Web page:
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The People’s 500 at the Tube Factory

MAY 24, 2016

A new exhibition at the Tube Factory celebrates the relationship between the people of Indianapolis and the Indianapolis Motor Speedway (IMS). 

The exhibition, The People’s 500, is the result of a partnership between Big Car Collaborative and the IMS. It marks the 100th running of the Indianapolis 500 and features video work, a sculptural piece, and photographs by interdisciplinary artist Jesse Sugarmann. 

Sugarmann has exhibited work both nationally and internationally, and has been featured in publications such as Artcar Nation, ArtForum, and The New York Times. He is known for his large-scale work with cars, and says his work “engages the automotive industry as a manufacture of human identity.” In 2013, he opened what looked like an unsanctioned Pontiac dealership in Detroit. The installation—which included performance space and car-related sculptures—drew the attention of Shauta Marsh, co-founder of Big Car and curator of The People’s 500

After speaking to Marsh and Big Car executive director Jim Walker, Sugarmann had an idea: select 100 residents of the Indianapolis community to each drive two laps around the IMS in a pace car. The total distance? Five hundred miles—The People’s 500

In October 2015, Sugarmann and the participants—whom the artist selected from a pool of applicants—met at the IMS. He and his crew interviewed and photographed each driver, and watched as they drove an official Camaro pace car around and around the 2.5-mile oval.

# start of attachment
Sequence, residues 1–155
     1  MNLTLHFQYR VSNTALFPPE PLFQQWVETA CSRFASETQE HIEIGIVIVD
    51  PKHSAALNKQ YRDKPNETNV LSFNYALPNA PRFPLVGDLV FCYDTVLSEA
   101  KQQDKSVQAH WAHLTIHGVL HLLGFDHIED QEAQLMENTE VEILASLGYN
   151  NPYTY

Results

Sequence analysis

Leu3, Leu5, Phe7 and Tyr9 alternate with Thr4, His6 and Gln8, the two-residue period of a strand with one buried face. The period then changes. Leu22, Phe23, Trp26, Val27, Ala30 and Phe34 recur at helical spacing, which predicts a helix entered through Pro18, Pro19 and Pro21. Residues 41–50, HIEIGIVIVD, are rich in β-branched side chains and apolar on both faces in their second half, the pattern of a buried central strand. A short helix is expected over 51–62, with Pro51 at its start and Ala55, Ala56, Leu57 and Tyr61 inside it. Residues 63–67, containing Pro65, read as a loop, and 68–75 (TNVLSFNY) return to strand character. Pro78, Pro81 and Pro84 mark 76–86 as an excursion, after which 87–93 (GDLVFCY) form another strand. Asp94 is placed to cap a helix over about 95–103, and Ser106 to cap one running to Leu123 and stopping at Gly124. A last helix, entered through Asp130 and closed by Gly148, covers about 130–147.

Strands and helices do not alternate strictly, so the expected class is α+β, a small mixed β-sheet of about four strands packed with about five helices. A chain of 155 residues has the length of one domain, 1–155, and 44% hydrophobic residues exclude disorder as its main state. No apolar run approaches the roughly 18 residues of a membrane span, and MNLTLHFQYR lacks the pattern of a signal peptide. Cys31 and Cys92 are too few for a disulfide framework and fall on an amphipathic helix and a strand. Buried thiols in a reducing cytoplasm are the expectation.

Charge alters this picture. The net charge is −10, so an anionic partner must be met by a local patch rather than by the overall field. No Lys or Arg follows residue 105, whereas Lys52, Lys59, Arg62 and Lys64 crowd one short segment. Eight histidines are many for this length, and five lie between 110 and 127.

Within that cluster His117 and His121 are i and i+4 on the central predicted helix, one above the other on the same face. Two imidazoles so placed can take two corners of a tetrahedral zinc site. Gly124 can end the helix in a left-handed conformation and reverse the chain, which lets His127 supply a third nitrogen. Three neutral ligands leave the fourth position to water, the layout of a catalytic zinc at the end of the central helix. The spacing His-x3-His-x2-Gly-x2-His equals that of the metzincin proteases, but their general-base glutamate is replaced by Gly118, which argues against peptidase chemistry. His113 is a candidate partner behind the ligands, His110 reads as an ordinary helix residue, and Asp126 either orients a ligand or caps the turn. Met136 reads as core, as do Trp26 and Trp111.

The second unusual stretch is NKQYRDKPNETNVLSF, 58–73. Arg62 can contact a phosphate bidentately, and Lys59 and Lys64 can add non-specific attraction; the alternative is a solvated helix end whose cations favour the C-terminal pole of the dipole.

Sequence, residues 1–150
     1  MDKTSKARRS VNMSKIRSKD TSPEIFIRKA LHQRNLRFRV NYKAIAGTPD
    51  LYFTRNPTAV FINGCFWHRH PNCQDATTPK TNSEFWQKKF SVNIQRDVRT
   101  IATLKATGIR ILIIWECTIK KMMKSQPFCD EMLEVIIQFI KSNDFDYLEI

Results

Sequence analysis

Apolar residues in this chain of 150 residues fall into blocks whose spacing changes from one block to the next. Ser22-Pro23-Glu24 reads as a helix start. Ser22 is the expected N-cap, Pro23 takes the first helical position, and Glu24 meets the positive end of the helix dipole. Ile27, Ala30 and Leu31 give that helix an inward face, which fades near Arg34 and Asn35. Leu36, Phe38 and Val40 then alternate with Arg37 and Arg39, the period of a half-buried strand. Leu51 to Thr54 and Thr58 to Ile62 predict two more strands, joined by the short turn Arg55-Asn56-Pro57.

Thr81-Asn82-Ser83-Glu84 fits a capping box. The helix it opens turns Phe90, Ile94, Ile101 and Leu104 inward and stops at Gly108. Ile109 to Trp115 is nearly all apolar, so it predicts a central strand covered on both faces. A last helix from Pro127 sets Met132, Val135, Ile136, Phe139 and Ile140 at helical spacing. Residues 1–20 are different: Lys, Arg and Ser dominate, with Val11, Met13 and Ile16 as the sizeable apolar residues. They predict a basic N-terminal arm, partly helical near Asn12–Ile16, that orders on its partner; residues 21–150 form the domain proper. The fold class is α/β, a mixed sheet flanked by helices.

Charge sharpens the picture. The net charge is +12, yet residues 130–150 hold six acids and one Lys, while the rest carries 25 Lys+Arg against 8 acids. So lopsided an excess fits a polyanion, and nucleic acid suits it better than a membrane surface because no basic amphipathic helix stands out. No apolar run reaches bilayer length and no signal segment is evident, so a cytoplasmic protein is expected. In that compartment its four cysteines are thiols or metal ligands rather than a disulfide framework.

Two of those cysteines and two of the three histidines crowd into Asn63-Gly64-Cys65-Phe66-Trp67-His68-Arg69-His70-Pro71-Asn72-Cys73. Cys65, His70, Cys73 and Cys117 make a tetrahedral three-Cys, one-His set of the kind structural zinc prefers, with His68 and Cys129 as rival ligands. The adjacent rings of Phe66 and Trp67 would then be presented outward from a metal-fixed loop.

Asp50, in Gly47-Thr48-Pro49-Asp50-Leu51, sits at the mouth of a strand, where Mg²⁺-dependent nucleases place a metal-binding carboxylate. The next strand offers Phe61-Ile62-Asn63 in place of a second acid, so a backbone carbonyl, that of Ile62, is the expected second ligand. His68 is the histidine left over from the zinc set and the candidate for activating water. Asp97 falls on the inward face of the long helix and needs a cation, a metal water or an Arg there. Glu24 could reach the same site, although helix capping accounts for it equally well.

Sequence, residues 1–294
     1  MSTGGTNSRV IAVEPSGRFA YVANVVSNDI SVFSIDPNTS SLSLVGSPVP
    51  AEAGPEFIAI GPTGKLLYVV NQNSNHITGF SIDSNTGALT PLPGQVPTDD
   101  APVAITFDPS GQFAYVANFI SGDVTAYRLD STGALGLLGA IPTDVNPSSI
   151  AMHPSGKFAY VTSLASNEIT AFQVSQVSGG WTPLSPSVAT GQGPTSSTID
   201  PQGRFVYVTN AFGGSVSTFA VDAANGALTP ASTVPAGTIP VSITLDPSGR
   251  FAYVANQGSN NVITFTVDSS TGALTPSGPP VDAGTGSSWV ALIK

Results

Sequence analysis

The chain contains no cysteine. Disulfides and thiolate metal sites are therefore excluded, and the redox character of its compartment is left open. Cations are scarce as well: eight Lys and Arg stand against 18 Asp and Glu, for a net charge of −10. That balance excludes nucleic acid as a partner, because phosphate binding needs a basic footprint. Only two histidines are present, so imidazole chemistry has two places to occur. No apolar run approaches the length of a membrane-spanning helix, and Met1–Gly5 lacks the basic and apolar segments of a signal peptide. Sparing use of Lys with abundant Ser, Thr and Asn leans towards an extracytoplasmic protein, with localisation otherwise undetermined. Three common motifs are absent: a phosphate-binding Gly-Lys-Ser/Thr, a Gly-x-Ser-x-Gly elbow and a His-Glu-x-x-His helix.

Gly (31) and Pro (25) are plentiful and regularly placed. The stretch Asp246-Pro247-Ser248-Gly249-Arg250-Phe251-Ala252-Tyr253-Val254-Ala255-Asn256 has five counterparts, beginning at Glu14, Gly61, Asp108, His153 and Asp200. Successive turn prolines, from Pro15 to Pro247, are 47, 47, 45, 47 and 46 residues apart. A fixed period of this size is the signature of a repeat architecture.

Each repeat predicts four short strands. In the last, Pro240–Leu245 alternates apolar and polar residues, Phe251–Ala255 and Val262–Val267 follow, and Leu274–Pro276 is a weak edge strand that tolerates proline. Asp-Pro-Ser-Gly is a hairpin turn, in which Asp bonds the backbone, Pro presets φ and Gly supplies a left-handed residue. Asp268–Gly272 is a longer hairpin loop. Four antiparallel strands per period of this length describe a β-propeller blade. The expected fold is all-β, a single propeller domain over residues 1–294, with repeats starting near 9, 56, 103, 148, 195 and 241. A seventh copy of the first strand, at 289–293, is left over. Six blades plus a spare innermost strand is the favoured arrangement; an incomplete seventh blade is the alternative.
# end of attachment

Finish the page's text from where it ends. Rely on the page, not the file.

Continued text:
“The Indianapolis Motor Speedway serves as a cultural beacon within Indianapolis,” said Sugarmann. “[It’s] a location of shared history and civic identity for all strata of Indianapolis society. Members of the Indianapolis community feel ownership of the Speedway.”

The People’s 500 conveys that sense of ownership and pride. One wall of the 12,000-square-foot Tube Factory is lined with the drivers’ photographs—five rows, 20 photos to a row. Many drivers are wearing their fire suits, helmets tucked beneath their arms. In an adjacent room, there are 15 large-scale photographs and a checkered flag that waves at them, salutes them. Additional footage and photographs will be used to construct an oral history of the IMS and investigate its role as a living monument. 

“In this exhibit, the pace car is the vehicle through which … the civilian/citizen [is] able to immerse him or herself in the environment of a professional IndyCar driver,” said Sugarmann. “The People’s 500 uses pace cars to bridge the viewer and professional driver and create an even stronger sense of civic ownership.” 

The People’s 500 opened at the Tube Factory on May 6 and will run through July 16. The exhibition is a collaboration between Big Car Collaborative, the IMS, and Sugarmann. It was curated by Marsh and funded by the Andy Warhol Foundation for the Visual Arts and by Creative Capital.

 

 


Dawn Olsen is a native Iowan, a Purdue graduate, and a defender of the Oxford comma. She moved to Indianapolis in 2012 and first lived in an 1860s Victorian in Herron-Morton. Dawn currently resides in historic Holy Rosary, in an apartment that is equidistant from both General American Donut Company and Rocket 88 Doughnuts. She works full-time as an editorial assistant for the Indiana General Assembly, and also works as a freelance writer. Dawn’s work can be found on Historic Indianapolis; Big City, little Indiana; and on her personal blog, where she shares creative non-fiction. When she’s not writing, Dawn is Instagramming, shopping at Homespun, or biking the Cultural Trail.
FOLLOW: @dmarieolsen

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